Becoming Your Spouse’s Better Half


What if God didn’t design marriage to be “easier”? What if God had an end in mind that went beyond our happiness, our comfort, and our desire to be infatuated and happy as if the world were a perfect place? Gary Thomas, Sacred Marriage

One of the greatest fallacies we buy into is that there is the “perfect” person out there just waiting to make us happy for the rest of our lives if we can only find them. Many of us spend our entire lives, including our marriages, dreaming of a person who would complete our life and make us happy and content. I’m convinced that person doesn’t exist and that our marriage is more about what we make it than any predestined or preordained match made in heaven. The myth of the “soul mate” has been foisted upon men and women like bad cake at a wedding.

Another error that people buy into is the illusion that love means the absence of conflict. Just as people want to believe that pain and sadness should be avoided at all costs, they believe that love means no conflict.

If you believe that the right person will come along and make you happy, you are deluded. You, not other people, are responsible for your own happiness. Every relationship, especially one of love, is painful and often difficult. That’s why it is worthwhile. With the beauty and fragrance of a rose come the thorns that scratch and sometimes draw blood. Going through the struggles of life together brings you closer and bonds you deeper. Those relationships without conflict and pain are dead, cold, and passionless. I say rejoice in your conflicts because it means your marriage is alive and growing!

One of the ways we deal with conflict is through effective communication. Some people will have read this book and say that I forgot to include the most important aspect of a healthy marriage — communication. Communication is important — very important — to any relationship, especially marriage. In fact, the way you speak to each other actually determines the quality of your marriage. If you speak to each other in a respectful, loving, affirming manner, then those feelings will follow and be ingrained in your relationship. But if you speak words of spite, contempt, and anger, then those feelings will rule, and eventually destroy, your relationship.

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The truth is that this entire book is about communication. It is about understanding the language of your spouse in order to satisfy his or her needs. However, communication is not the problem in most marriages. Dr. Laura Schlessinger says, “I don’t think that many marriages are stuck on communication problems, whatever they are. I think most marriages are stuck on people needing or hurting so much (from their childhoods, primarily) that they forget to or resist giving love.” If that is true, then what does make the difference between a healthy marriage relationship and a destructive one?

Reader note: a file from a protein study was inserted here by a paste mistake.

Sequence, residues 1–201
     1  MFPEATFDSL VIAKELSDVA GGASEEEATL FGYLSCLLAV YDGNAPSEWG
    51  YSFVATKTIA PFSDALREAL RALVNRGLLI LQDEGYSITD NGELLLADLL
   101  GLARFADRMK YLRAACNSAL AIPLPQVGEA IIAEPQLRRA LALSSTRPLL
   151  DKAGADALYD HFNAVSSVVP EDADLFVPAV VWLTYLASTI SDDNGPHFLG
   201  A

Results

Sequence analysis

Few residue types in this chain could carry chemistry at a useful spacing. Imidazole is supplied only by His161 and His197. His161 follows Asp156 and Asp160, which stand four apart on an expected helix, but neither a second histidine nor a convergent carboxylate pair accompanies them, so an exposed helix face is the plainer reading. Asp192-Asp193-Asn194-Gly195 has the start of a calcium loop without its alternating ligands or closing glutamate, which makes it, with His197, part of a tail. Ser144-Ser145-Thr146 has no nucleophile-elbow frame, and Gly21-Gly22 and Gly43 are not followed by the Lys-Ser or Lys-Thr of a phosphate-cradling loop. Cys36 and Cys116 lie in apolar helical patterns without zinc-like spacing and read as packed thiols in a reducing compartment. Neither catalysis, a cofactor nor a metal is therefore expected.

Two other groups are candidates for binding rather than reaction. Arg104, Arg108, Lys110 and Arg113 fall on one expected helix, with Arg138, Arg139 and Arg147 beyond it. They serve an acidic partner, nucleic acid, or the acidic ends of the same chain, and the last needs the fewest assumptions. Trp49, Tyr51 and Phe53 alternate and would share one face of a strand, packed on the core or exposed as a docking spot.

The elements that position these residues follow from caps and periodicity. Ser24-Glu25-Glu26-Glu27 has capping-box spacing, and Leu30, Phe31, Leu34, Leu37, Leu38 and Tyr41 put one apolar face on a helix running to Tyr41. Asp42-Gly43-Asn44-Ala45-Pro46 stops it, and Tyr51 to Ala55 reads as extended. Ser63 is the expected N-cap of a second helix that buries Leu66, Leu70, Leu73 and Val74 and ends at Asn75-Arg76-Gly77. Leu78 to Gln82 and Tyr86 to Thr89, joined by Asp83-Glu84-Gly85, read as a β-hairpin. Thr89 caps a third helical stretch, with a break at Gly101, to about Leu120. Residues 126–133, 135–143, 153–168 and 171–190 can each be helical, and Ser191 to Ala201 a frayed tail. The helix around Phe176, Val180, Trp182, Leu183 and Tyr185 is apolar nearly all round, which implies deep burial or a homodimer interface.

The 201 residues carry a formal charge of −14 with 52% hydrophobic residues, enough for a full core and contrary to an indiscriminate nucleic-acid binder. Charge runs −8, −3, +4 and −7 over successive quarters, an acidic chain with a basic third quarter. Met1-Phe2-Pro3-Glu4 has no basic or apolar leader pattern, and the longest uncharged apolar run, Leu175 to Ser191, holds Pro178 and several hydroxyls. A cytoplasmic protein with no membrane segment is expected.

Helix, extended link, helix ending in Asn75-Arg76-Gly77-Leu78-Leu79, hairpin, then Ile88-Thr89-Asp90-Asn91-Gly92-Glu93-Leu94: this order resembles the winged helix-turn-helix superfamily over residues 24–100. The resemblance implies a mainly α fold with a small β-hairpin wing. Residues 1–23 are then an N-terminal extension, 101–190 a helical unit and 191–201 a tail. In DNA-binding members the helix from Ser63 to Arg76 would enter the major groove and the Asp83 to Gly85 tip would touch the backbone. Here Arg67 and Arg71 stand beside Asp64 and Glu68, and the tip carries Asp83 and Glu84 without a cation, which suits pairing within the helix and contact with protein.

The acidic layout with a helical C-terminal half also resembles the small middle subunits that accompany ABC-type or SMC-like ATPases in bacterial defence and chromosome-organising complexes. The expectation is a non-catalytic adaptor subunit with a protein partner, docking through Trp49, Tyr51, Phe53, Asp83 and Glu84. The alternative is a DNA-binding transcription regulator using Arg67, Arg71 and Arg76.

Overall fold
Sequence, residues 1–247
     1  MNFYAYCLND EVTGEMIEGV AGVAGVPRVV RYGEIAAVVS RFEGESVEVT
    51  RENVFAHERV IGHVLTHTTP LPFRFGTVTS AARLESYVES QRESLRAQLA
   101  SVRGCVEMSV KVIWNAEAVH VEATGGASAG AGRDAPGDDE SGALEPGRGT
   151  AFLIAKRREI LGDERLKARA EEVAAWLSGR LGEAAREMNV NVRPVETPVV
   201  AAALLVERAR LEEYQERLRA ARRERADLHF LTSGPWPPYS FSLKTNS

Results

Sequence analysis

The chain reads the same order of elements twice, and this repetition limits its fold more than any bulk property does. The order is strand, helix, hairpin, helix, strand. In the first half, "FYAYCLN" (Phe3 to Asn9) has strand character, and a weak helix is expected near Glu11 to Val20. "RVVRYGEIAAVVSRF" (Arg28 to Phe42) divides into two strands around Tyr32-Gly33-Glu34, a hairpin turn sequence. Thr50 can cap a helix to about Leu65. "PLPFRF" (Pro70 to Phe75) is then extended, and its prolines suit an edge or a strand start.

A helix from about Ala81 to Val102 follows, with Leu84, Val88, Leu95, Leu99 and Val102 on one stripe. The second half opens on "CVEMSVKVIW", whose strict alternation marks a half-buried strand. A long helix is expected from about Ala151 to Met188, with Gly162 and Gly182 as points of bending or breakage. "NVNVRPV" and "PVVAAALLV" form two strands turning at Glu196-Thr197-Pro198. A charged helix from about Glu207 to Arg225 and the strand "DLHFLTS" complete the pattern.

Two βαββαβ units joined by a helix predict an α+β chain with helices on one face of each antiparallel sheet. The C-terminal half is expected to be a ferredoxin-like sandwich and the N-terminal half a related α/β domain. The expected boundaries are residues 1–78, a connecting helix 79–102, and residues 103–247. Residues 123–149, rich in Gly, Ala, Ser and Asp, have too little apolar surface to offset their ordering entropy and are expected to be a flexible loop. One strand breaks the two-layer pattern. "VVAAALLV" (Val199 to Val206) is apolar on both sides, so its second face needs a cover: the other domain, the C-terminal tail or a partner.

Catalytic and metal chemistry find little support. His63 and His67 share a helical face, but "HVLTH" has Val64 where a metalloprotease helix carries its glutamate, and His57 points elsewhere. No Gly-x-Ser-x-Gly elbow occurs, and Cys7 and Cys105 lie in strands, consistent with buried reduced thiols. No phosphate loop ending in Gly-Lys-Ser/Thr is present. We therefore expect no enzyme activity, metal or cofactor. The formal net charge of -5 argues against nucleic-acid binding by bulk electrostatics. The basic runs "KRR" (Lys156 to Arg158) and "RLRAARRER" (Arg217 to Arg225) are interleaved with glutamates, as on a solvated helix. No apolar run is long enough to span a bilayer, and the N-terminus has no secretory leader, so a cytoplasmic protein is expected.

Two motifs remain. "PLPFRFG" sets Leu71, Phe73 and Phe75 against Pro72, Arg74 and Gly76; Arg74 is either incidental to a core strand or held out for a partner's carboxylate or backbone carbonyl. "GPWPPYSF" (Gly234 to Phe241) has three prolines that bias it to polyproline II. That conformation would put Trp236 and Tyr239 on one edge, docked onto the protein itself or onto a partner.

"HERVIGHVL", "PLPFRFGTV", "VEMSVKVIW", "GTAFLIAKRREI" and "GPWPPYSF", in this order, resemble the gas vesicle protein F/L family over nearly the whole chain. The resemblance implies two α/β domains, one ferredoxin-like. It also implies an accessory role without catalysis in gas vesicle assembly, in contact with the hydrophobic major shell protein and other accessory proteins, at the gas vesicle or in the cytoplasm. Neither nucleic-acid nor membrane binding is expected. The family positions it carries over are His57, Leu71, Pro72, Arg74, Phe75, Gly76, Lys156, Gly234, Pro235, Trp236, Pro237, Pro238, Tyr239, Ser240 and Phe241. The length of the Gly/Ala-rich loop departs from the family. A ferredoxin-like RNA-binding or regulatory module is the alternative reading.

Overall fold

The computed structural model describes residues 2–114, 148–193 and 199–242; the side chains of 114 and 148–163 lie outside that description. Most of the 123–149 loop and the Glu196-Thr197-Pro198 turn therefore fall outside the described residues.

Our daughter recently mentioned to my wife that she wanted a love like we have, that we still acted like we were on our honeymoon. I don’t know whose house she’s been living in for the past twenty years, but I don’t often feel like we’re still honeymooners. But in hindsight, perhaps because my wife and I still frequently hold hands, hug and kiss, and even dance together in the living room, our daughter feels we have a great love. We like to travel together, and we enjoy each other’s company (she’s probably the only one who could put up with me). We speak respectfully to each other and try to be cheerleaders for one another. Our actions and words not only direct our feelings but also signify to others our love and passion for one another. In short, we are good friends. That friendship fuels our love for one another and carries us through those rough spots when one of us is feeling disagreeable or fed up with the other.

Many young couples today are frustrated with each other and their marriage because neither partner knows how to relate to the other. No one has ever taught them the fundamentals of building an intimate relationship, so they are starting from scratch, guessing at how a marriage works. This confusion causes arguments and disagreements. According to Robert Lewis and William Hendricks, “What these young people don’t realize is that behind much of their quarrels and dysfunction and anger is what they don’t know, not who they’re married to.” This lack of taught communication skills (which were often never modeled for them in their parents’ marriages) creates tension and prevents intimacy in a relationship.

But perhaps of more importance than even communication in a marriage is love — love that is not a feeling or an emotion, but one that is a verb, an action word. If we take loving actions in our relationships, the feelings of love will follow. There’s an old adage that thoughts become actions and actions become feelings. Your attitude is everything.

Excerpt from Becoming Your Spouse’s Better Half.
Copyright © 2010 by Rick Johnson, Used with permission, published by Revell.

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